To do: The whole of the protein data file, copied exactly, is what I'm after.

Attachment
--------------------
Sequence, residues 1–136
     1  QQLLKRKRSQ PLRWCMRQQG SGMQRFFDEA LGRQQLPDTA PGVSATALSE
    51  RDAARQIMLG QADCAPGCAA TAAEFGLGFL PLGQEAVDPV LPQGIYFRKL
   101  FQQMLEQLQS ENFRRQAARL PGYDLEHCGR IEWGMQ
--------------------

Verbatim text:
Sequence, residues 1–136
     1  QQLLKRKRSQ PLRWCMRQQG SGMQRFFDEA LGRQQLPDTA PGVSATALSE
    51  RDAARQIMLG QADCAPGCAA TAAEFGLGFL PLGQEAVDPV LPQGIYFRKL
   101  FQQMLEQLQS ENFRRQAARL PGYDLEHCGR IEWGMQ